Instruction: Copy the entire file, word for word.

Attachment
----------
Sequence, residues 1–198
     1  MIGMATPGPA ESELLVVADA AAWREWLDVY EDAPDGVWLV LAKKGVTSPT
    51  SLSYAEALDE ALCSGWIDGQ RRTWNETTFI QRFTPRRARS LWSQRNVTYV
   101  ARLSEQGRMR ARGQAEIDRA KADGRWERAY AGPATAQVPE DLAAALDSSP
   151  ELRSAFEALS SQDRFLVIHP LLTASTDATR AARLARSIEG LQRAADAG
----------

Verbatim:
Sequence, residues 1–198
     1  MIGMATPGPA ESELLVVADA AAWREWLDVY EDAPDGVWLV LAKKGVTSPT
    51  SLSYAEALDE ALCSGWIDGQ RRTWNETTFI QRFTPRRARS LWSQRNVTYV
   101  ARLSEQGRMR ARGQAEIDRA KADGRWERAY AGPATAQVPE DLAAALDSSP
   151  ELRSAFEALS SQDRFLVIHP LLTASTDATR AARLARSIEG LQRAADAG